Posted February 4, 2015

Temple helps high school students gain access to trades

Betsy Manning
University plumber Jason Noel shows mentee Jamer Jackson how to fix a pipe system. Jamer spent the day shadowing professional tradesmen from the university’s Facilities Management Department.

Most people never take time to think about how the lights we use every day are powered by electricity flowing through circuits hidden behind walls. But for Jamer Jackson, the science behind the technology that fuels daily life is fascinating.

“I’ve never seen anything this complicated,” said 19-year-old Jackson while surveying the wires, toggles and switches in an engineering and science classroom.  

Jackson is one of four YouthBuild Philadelphia Charter School students who will shadow members of a Temple facilities crew during six week intervals as part of a mentor program established by Temple’s Offices of Government, Community and Public Affairs and Facilities Management.

During the program, YouthBuild students will rotate among campus electricians, mechanics, plumbers and other trade people in order to get exposure to all roles and learn what it takes to build a career.

Located at North Broad Street and Girard Avenue, the non-traditional high school helps students complete their diplomas while gaining career experience and exposure to different trades. After graduating, some students go on to practice a trade while others like Jackson plan to complete post-secondary degrees.

“Our school is open to 18 to 21-year-old students who are seeking a second chance to complete their education,” said Stephanie Waller, training and placement coordinator for YouthBuild.

“Some are parents, some have experienced homelessness and other setbacks, but they are all very intentional about wanting to change their lives,” she said.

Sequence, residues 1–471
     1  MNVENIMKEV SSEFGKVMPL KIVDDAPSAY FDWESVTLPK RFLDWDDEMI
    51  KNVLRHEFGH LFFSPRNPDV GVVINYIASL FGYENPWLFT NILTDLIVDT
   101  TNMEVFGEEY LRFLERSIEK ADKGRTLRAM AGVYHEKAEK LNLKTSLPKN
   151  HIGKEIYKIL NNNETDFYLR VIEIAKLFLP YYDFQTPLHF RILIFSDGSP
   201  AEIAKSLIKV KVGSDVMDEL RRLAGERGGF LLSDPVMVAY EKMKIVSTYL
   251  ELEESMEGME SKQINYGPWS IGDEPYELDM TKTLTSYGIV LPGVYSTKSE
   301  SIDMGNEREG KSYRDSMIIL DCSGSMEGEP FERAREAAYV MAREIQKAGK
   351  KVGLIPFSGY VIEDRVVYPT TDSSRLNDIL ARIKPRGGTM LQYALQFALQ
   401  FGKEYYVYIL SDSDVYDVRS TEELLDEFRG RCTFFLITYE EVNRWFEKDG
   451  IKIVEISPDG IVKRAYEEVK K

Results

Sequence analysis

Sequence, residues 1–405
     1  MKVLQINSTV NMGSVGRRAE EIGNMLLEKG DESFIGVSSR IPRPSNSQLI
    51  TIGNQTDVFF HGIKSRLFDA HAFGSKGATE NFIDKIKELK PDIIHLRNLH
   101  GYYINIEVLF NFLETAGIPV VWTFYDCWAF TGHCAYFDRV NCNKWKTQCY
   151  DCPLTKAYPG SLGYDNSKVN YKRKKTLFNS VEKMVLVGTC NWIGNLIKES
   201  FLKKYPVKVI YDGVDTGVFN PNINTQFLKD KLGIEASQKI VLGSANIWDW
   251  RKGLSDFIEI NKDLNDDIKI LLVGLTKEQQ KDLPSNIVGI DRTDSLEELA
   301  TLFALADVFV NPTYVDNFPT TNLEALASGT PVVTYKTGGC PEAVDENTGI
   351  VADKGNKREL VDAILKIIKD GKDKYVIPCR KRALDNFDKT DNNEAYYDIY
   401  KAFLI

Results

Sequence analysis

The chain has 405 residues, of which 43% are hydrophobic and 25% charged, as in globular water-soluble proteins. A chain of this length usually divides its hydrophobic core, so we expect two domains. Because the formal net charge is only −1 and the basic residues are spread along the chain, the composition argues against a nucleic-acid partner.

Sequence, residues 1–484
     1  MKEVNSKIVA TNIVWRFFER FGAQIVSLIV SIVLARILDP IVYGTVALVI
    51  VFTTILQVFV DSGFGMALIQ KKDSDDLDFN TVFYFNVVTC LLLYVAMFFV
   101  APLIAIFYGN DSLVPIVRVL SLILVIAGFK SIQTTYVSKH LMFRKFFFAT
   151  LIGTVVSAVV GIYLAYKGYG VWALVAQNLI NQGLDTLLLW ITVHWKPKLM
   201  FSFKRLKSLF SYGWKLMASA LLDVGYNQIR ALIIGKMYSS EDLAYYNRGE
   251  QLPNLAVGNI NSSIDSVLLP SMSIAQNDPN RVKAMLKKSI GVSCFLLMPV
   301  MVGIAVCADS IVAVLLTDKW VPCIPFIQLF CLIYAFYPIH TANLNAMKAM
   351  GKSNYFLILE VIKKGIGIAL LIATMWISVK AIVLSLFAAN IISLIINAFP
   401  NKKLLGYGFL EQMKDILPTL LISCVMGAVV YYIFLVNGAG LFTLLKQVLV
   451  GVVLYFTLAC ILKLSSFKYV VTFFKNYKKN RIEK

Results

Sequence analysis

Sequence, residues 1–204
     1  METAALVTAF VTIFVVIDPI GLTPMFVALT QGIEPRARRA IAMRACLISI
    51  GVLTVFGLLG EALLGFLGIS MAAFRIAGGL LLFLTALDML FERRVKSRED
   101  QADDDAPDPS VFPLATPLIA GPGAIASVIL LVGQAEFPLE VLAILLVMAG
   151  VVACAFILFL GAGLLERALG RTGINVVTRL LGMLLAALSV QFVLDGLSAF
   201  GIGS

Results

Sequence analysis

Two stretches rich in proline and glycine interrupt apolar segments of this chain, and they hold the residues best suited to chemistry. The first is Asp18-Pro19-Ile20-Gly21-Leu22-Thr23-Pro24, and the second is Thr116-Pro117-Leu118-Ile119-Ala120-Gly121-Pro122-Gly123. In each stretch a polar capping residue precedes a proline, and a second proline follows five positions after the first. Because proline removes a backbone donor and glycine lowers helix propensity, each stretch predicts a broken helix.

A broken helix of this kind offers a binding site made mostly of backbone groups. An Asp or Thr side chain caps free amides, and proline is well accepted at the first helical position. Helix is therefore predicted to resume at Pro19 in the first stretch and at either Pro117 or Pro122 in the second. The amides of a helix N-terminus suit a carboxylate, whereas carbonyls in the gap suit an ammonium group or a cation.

Students interested in the program can inquire through teachers and counselors at YouthBuild. The program was created to increase the number of minorities working in professional trades.

“We wanted to develop a program that would connect local students to the campus in a way that would help them gain the training and skills they need to enter the workplace,” said Beverly Coleman, assistant vice president of community relations and economic development at Temple.

Jackson hopes to return to Temple to study engineering.

“Jamer came to us pretty quiet and he has blown us all away with his willingness to get involved in the opportunities that come his way,” said Waller. “Every time I talk to him about his experience his response is ‘I just want to learn as much as I can and meet all the people I can so that I can figure out what I want to do.’”

Meeting the right people and finding a mentor is what it takes to learn and grow, said Jason Noel, Temple plumber and a mentor for YouthBuild students at Temple.

“I was part of an apprenticeship program before I became a professional plumber,” said Noel. “It’s important to find mentors early in order to get a real picture of what it takes to have a career in the field.”